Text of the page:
Carillion‘s pension savers will see a minimum of a 10 percent drop in their retirement income, but more broadly, the collapse of the firm should be a “wake-up call” for every U.K. pension saver, according to a financial consultancy.
“The collapse of Carillion further underscores the colossal black hole in many defined benefit pension schemes. For instance, the combined deficit of the FTSE 350 firms has now reached 70 percent of their profits,” Nigel Green, the chief executive and founder of deVere Group, told in CNBC via email. A defined pension scheme in the U.K., also known as a “final salary” pension, normally depends on an employee’s length of service and their earnings at retirement.
The British multinational firm Carillion, which focuses on government contracts, entered into compulsory liquidation on Monday after its creditors refused to lend more money to the debt-laden firm. Shares of Carillion stopped trading as a result and its biggest creditors, including HSBC and RBS, traded lower on the news.
Staff pensions schemes at Carillion are set to take a hit, but Green believes that the liquidation “should trigger alarm bells for pension savers across the U.K.” as it puts a huge question mark over the fate of yet another major pension fund. He told CNBC that the funding gap for pensions has become deeper, which increases the chances that more and more people will not be able to receive their retirement benefits in full.
Carillion reportedly has roughly £1.5 billion ($2 billion) of debt, including a £580 million ($798 million) pension deficit.
Tom McPhail, head of pensions research at Hargreaves Lansdown, told CNBC Tuesday that the aggregated deficit on U.K. pension schemes at the moment is around £80 billion ($109.96 billion). He highlighted however that it had been as high as £400 billion ($549.81) a couple of years ago.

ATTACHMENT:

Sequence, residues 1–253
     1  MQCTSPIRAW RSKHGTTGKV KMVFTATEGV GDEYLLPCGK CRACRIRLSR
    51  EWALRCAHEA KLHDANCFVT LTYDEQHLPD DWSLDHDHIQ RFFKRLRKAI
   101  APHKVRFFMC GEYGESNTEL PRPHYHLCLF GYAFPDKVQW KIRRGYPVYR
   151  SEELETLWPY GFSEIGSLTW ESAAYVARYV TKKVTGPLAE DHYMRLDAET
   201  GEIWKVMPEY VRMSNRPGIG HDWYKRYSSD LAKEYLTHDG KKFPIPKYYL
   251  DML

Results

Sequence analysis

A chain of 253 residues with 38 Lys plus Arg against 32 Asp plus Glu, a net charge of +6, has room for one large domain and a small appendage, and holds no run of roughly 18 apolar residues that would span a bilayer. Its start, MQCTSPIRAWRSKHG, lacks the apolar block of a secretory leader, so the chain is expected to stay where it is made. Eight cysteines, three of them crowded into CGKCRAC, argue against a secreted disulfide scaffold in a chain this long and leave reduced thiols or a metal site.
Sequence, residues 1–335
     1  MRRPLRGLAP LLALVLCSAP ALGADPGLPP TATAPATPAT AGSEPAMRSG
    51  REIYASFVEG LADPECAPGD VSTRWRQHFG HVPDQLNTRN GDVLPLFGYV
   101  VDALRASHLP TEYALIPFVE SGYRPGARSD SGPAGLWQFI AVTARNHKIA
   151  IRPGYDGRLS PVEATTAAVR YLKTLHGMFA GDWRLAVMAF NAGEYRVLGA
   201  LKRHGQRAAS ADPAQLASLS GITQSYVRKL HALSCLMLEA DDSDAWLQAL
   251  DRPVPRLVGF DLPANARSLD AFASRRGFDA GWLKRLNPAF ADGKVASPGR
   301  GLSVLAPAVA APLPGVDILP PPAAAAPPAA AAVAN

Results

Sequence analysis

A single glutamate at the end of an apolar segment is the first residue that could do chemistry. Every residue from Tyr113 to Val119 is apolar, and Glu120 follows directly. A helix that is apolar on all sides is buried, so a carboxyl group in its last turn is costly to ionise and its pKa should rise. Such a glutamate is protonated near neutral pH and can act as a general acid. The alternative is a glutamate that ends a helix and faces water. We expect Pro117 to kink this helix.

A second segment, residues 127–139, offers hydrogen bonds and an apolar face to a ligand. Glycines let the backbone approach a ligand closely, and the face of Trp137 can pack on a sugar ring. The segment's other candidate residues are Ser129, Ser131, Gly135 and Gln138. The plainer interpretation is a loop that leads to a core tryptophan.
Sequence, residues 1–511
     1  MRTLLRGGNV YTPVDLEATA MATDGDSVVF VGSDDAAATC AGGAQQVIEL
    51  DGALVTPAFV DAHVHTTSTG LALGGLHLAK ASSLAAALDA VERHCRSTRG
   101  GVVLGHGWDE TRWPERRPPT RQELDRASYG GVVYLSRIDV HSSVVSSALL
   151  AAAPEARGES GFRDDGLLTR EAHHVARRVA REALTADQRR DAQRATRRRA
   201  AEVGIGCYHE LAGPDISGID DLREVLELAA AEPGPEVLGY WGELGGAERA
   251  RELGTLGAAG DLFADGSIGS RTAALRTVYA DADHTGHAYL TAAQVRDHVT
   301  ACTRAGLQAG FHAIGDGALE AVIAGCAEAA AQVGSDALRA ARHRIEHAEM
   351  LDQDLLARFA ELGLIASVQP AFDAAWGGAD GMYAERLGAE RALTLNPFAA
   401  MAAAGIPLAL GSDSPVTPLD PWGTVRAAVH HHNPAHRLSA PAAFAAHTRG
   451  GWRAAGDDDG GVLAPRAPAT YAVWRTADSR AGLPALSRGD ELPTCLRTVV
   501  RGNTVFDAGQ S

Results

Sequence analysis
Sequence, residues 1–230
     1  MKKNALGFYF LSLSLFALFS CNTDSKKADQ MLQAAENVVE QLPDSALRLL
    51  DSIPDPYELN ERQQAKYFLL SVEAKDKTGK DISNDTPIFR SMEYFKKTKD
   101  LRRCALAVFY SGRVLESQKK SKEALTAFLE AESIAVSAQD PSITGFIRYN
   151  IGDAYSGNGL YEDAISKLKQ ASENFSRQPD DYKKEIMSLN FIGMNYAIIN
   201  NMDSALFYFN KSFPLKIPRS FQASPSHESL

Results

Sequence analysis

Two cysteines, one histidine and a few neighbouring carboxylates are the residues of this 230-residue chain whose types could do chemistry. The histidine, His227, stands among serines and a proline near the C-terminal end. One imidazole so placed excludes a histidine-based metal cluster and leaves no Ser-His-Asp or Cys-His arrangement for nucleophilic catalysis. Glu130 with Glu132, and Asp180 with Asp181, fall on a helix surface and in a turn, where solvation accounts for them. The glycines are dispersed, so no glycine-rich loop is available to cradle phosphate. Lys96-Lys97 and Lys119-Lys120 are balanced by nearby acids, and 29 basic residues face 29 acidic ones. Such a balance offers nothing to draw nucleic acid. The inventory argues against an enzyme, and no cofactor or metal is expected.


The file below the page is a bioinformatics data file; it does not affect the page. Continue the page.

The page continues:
“The deficits have swung quite a lot over the last few years, driven largely by interest rates, so low interest rates drive up the liabilities, which increase deficits. They are not as bad today as they were a couple of years ago, but around five out of six of the final salary, these defined benefits pension schemes in the U.K., are currently in deficit,” he said.
As a result of the collapse of Carillion, the company’s employees will now get their pension savings from the Pension Protection Fund (PPF) — a government supported fund that provides compensation to employees of insolvent firms. But according to Green, “it can be reasonably expected that those members who are not yet drawing their Carillion pension could now experience a drop of at least 10 percent to their retirement income.”
He added in a research note Monday that there’s a wider problem in the country after similar issues for firms like British retailer BHS and Tata Steel. Some workers saw their pension funds rescued by the PPF but without being given any other alternative.
“Whilst the PPF is an invaluable and necessary resource as it offers a buffer and layer of protection for members, there is, however, a maximum that any support of this nature can sustain in the longer-term. How many more major collapses could it take,” Green said in the note.
BHS collapsed in April of 2016 with a deficit of £571 million ($ 786 million). It was put into liquidation at the end of 2016 after the Pension Protection Fund said that this would be best outcome for the failed pensions. More recently, the British airline Monarch also collapsed and Toys R Us was saved from falling into administration in 2017 after a deal with the PPF.
McPhail added these insolvencies had raised awareness to the problem and more is now being done to protect future pensions.
“There’s pretty robust regulation and it is being strengthened at the moment, so more pressure is being put on trustees and on the governance of these schemes to scrutinize the management of the schemes effectively. But it’s not in a bad place at the moment and most of these schemes have in place deficit reduction programs,” he said.
Carillion’s collapse could highlight a much wider problem for UK pensions